This year Vaiaho o te Gagana Tokelau (Tokelau Language Week) will run from 29 October to 4 November, celebrating the culture and language of this tiny island nation.
For people from Tokelau living in New Zealand, family, community, and language are the centre of Faka-Tokelau, the Tokelauan way of life.
Over half of the country’s Tokelau community live in the Porirua and Hutt Valley areas of Wellington and there are also Tokelau communities in Auckland, Taupō, and Rotorua. Although your school may not have direct links to Tokelau, this national week provides the opportunity to introduce your students to the culture and language of Tokelau, helping to keep Gagana Tokelau alive in New Zealand. Why not connect electronically with another school in New Zealand, in order to learn Gagana Tokelau from the experts?
Links to The New Zealand Curriculum
Tokelau Language Week/Te Vaiaho o te Gagana Tokelau supports the curriculum principles of cultural diversity and inclusion, and provides an opportunity for students to demonstrate the vision of connection to a global community, explore the values of diversity, community, and respect and make use of key competencies, especially using language, symbols and texts, and relating to others.
By teaching Pasifika languages, schools can help meet the vision and goals of the Pasifika Education Plan 2013 – 2017 (PEP). PEP is aimed at raising Pasifika learners’ participation, engagement and achievement in education from early learning through to tertiary level. The Plan’s vision is to see "Five out of five Pasifika learners participating, engaging and achieving in education, secure in their identities, languages and cultures and contributing fully to Aotearoa New Zealand’s social, cultural and economic wellbeing". One of the high level Government goals for Pasifika education is for emphasis on the importance of Pasifika identities, languages, and cultures.
What could your school do to celebrate?
- Learn some simple greetings and salutations in Tokelau.
- Hello - Malo ni
- Welcome - Malo te aofia mai
- Please - Fakamolemole
- Thank you - Fakafetai
- May you be blessed in God's love - Ke manuiakoei te alofa o te Atua
- Take part in events around your local community
- Research and discuss the effects of migration on language. This blog from last year's event is a good starting point.
- Explore music from Tokelau. This resource collection includes a teaching unit for children in years 4 to 6, a supporting soundtrack, and a set of teaching notes. The collection is centred on a Tokelauan piece of music called Ki te La by Opetaia Foa‘i.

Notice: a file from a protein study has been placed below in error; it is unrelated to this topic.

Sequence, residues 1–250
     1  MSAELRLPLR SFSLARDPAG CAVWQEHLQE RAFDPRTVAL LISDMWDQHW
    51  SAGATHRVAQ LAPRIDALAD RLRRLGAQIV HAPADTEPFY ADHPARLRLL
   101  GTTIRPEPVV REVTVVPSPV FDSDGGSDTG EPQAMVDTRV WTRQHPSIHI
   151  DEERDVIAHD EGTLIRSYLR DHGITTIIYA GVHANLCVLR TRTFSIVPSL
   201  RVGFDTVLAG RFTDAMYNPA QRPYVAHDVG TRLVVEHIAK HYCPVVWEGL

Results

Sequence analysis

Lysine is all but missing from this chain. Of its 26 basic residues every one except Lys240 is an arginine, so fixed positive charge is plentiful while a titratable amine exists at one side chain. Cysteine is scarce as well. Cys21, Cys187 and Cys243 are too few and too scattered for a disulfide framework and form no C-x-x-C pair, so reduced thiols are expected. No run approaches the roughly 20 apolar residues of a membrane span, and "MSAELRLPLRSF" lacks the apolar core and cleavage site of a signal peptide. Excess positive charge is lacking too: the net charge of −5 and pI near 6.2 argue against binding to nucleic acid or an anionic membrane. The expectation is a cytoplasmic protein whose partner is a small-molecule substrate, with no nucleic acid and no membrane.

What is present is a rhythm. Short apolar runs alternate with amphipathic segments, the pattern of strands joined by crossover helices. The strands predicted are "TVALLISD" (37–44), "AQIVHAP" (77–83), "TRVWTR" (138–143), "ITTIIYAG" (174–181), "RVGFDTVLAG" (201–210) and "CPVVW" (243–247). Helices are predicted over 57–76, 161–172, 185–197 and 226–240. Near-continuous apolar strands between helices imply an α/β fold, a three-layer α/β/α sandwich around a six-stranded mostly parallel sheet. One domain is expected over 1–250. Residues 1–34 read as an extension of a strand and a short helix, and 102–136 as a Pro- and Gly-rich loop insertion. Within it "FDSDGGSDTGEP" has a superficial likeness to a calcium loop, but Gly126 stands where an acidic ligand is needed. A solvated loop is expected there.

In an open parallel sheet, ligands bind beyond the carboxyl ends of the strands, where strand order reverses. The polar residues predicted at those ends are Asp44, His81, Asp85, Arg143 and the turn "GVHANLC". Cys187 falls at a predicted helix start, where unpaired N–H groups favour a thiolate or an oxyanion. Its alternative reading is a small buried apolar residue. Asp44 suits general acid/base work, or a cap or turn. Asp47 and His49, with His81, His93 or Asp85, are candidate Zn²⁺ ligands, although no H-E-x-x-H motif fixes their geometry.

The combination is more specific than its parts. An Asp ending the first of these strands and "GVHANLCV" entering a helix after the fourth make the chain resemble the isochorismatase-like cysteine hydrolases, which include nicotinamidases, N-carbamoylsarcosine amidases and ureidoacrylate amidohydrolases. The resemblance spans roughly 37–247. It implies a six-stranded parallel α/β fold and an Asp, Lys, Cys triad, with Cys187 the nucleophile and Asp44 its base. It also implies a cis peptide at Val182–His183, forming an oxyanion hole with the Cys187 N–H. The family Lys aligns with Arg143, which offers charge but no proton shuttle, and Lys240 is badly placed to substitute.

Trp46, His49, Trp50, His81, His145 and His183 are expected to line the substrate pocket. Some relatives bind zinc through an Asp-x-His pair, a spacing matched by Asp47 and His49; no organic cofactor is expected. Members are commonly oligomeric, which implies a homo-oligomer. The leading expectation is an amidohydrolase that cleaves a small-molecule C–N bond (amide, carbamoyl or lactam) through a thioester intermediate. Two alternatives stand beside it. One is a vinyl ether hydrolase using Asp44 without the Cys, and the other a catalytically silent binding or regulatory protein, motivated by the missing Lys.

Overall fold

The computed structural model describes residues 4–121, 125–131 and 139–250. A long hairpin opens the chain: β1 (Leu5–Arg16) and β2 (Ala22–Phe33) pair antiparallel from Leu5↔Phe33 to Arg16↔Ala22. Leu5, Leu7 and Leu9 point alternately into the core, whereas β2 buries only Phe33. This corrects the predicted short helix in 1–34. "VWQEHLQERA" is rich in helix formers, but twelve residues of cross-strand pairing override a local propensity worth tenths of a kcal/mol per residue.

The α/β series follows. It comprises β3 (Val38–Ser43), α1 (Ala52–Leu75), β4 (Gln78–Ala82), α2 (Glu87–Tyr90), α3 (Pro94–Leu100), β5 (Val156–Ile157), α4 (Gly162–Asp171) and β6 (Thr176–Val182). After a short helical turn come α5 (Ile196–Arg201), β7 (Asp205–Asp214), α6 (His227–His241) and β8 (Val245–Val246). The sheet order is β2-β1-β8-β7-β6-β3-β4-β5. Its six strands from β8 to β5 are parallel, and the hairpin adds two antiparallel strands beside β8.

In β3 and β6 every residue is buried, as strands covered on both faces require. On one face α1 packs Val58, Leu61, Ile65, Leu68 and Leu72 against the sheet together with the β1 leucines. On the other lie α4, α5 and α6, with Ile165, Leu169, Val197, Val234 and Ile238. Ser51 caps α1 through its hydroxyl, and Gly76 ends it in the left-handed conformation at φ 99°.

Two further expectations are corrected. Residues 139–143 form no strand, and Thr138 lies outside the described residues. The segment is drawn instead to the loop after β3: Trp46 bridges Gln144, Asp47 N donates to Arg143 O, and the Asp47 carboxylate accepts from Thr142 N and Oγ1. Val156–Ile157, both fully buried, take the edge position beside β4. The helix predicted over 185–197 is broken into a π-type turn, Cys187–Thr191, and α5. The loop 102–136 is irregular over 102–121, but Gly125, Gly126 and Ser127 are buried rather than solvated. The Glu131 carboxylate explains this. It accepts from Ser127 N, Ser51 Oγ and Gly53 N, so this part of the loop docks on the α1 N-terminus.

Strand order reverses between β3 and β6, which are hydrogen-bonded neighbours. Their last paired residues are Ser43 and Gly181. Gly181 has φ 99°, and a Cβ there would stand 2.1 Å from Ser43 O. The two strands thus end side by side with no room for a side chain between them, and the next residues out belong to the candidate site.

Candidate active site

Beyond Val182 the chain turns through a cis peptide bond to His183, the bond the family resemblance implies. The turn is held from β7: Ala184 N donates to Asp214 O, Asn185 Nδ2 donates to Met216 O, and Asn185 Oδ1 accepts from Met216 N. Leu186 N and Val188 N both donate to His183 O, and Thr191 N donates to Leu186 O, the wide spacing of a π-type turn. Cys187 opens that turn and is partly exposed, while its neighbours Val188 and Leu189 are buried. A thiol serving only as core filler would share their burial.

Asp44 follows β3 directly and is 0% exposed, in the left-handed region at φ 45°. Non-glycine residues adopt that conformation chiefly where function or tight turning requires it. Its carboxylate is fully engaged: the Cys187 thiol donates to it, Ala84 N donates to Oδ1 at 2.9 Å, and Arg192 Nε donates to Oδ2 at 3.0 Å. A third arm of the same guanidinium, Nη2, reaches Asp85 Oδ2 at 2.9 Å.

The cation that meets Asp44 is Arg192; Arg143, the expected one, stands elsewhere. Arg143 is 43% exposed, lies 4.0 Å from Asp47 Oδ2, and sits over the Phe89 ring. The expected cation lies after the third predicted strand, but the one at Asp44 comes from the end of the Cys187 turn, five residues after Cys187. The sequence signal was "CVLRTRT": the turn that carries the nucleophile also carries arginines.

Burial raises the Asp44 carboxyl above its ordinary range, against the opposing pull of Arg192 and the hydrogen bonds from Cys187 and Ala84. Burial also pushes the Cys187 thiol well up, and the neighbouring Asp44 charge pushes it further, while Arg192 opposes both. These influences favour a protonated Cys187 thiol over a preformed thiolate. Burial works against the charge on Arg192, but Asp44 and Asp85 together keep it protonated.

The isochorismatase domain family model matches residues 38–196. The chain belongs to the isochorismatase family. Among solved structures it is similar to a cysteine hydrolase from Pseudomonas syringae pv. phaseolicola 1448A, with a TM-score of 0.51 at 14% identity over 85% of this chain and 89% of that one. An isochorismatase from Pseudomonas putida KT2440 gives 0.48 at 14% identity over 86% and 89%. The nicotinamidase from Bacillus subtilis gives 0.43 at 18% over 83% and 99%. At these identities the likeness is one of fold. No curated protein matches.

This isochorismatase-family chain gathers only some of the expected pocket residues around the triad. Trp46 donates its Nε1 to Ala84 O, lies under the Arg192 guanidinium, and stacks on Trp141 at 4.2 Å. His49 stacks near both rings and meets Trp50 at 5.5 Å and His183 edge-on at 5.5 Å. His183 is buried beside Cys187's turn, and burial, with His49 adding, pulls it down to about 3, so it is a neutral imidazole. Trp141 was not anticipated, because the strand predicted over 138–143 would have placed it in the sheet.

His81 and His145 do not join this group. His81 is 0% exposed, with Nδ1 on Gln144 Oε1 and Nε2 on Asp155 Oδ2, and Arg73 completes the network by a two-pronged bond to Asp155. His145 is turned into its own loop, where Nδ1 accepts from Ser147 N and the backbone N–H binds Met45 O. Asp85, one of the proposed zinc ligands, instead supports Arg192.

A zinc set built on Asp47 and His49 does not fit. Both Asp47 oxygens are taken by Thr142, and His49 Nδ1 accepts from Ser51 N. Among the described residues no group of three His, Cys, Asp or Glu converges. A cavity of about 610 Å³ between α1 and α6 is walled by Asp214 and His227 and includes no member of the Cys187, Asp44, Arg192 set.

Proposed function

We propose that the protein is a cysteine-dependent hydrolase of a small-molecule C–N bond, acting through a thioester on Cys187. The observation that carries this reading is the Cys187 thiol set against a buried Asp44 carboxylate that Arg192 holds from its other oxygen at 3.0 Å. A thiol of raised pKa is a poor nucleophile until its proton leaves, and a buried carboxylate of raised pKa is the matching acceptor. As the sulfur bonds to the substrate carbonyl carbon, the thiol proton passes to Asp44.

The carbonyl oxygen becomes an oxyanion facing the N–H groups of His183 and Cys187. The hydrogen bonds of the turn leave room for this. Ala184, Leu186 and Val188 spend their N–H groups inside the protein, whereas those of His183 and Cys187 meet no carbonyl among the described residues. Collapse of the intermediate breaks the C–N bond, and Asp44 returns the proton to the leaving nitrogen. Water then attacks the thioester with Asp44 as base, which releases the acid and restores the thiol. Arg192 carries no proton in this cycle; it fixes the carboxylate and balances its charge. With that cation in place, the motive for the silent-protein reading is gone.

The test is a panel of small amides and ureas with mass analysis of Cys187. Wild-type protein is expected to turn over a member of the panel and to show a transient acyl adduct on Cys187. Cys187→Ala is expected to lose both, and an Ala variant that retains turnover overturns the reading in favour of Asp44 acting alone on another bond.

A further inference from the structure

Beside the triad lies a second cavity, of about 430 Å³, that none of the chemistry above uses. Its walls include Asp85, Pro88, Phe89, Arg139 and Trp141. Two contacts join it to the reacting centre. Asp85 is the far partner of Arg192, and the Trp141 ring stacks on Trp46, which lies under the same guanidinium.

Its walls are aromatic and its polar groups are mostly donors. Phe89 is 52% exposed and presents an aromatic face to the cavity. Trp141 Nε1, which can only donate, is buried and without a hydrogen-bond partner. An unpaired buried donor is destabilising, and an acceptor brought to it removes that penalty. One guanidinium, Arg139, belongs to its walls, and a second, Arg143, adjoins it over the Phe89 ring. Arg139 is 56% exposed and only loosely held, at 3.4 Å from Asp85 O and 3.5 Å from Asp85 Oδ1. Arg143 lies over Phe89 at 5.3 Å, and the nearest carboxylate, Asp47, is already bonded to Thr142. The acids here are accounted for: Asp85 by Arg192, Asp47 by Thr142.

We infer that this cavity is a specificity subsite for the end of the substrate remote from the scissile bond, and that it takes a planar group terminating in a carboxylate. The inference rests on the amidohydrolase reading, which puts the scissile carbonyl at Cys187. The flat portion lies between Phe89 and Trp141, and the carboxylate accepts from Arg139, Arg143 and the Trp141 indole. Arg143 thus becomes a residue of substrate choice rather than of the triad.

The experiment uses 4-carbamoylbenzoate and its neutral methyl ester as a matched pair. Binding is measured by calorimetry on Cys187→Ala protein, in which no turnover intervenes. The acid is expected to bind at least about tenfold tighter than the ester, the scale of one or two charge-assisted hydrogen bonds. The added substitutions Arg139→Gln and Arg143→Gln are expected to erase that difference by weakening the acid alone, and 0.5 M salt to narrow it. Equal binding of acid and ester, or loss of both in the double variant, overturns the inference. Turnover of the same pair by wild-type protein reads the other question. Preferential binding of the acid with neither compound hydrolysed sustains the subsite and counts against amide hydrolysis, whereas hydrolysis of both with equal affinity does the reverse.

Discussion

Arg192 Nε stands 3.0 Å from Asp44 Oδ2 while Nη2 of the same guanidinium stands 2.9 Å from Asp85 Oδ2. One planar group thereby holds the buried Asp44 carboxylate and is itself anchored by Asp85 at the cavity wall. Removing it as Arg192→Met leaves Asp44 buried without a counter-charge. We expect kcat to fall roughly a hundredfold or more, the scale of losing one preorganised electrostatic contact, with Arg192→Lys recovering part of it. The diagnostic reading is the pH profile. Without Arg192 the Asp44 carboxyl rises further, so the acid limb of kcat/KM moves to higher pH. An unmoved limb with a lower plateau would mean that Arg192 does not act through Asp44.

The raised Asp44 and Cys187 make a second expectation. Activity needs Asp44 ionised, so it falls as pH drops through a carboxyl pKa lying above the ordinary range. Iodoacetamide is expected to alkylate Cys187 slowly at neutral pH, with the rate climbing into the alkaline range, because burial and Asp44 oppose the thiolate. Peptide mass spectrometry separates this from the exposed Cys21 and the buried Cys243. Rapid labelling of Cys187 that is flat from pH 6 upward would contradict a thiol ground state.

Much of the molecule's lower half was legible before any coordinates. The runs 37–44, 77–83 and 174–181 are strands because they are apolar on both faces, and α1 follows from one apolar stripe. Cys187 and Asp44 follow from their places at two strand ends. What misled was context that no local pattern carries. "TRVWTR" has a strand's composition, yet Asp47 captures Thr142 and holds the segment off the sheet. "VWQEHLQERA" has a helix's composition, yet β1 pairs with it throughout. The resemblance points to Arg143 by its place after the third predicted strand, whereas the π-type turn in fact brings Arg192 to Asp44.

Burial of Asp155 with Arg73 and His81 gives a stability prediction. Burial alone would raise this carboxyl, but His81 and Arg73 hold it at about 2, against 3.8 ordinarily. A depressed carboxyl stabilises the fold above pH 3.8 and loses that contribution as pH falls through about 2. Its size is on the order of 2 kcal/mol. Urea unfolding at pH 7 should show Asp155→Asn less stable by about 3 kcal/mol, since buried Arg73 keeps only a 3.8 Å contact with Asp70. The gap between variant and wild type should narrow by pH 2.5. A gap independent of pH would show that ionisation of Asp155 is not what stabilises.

- Integrate Gagana Tokelau by using by using simple phrases or words for an art lesson, to lead an assembly, or run a PE lesson.
- Share your expertise with another school. Older students could mentor a Tokelau cultural group, or teach younger students some basic language phrases.
Gagana Tokelau: The Tokelau Language Guidelines and Muakiga! An Introduction to Gagana Tokelau
These teaching and learning guides are designed to support the teaching and learning of the Gagana Tokelau in New Zealand schools. They are aimed at all levels.
An online Gagana Tokelau dictionary
Learn Gagana Tokelau
Phrases, songs and myths, as well as facts about the island nation.
Seven things you should know about Tokelau
Seven things you should know about Tokelau from Te Papa's blog.
A traditionally-influenced, contemporary Pacific band. Their songs are almost all in the language of Tokelau
Pasifika education community
This TKI site has resources, curriculum links, and guidelines for teachers working alongside Pasifika communities.
LEAP is a professional learning resource developed for teachers working in mainstream New Zealand classrooms with bilingual Pasifika students.
Inclusive Education Guides for Schools – Supporting Pasifika students
This guide focuses on inclusive teaching and learning strategies that can be used in the classroom to create a more effective learning environment for all Pasifika students.
School journal resources
Use Journal surf to search for journal stories with a Gagana Tokelau theme. Two that would work well to support this learning are:
"Inati" by Neemia Nikotemo
Pt 02 No.4 2003
This report tells about the tradition of inati (food sharing) in the Tokelauan village of Atafu. It explains how a fish catch is shared among the village families and how everyone has a job to do after the men bring the catch to shore.
Teacher support material is also available for this report
"After every storm" by Don Long
Pt 01 No. 3 2006
This poem is set on the atoll of Atafu in Tokelau. In simple but richly symbolic language, it evokes the island setting and suggests the power of a child's love to comfort her grandmother.
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